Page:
Imagine you wanted to design a drug for a new disease, 'Disease X', about which little is known. Imagine then that you have a machine that could use all the available data in the world about Disease X to identify a potential mechanism of disease and use this to predict which molecules within this mechanism could make suitable targets for drugs against the disease. Then, a machine would virtually design a drug targeting these optimal molecules, building it bit by bit and continuously checking with the target's structure to ensure activity at the desired binding site. Once the drug was "built", it could then be synthesised and, following various rounds of in vitro, in vivo, and clinical testing to validate its efficacy, the drug could be used in clinical practice. Although a machine like this does not yet exist, advocates of artificial intelligence (AI) propose that AI has the potential to revolutionise drug design, turning this imaginary scenario -- at least in part -- into a reality.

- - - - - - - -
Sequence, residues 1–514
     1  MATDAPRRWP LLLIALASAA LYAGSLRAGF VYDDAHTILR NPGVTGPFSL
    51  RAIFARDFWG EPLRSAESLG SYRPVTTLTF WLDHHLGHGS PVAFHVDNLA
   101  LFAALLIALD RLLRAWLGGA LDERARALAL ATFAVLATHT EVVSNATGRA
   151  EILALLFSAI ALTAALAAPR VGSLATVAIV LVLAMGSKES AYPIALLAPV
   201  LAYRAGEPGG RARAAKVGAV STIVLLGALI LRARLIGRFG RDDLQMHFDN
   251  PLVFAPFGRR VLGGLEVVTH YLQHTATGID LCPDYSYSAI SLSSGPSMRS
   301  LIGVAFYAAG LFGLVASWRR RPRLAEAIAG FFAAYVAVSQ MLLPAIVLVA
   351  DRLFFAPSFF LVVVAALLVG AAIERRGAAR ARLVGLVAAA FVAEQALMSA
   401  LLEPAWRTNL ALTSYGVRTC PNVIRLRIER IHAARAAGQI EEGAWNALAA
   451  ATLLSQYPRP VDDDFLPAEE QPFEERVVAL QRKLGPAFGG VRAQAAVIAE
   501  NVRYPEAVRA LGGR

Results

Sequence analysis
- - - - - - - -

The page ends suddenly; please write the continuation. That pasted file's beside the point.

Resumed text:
Increasing access and equity in healthcare through AI - MedCity News


One of the racial disparities long seen in healthcare lies in minority races returning less frequently for follow-up appointments. AI and remote patient monitoring can be powerful tools to give providers insight into the day-to-day factors impacting a patient's health. Advanced algorithms can process large data sets including clinical and socioeconomic information to give a holistic view of the individual, and AI has the ability to suggest what approaches will work most successfully to not only get patients activated, but keep them engaged. With the ability to collect data from patient devices and more, AI and patient monitoring provide additional data sources to refine the patient experience, including prime times for engagement – such as attending critical follow-up appointments.

AI-based drug discovery with Atomwise and WEKA Data Platform - HPCwire


The Covid-19 pandemic has profoundly changed the world. The remote workplace has become the norm. We have started looking at personal health differently – the way we work, live, play and do business. AI's use for drug discovery has accelerated post-Covid-19 era. Today, drug discovery is an expensive proposition, with a $2.6 billion cost over 10 years and just a 12% success rate.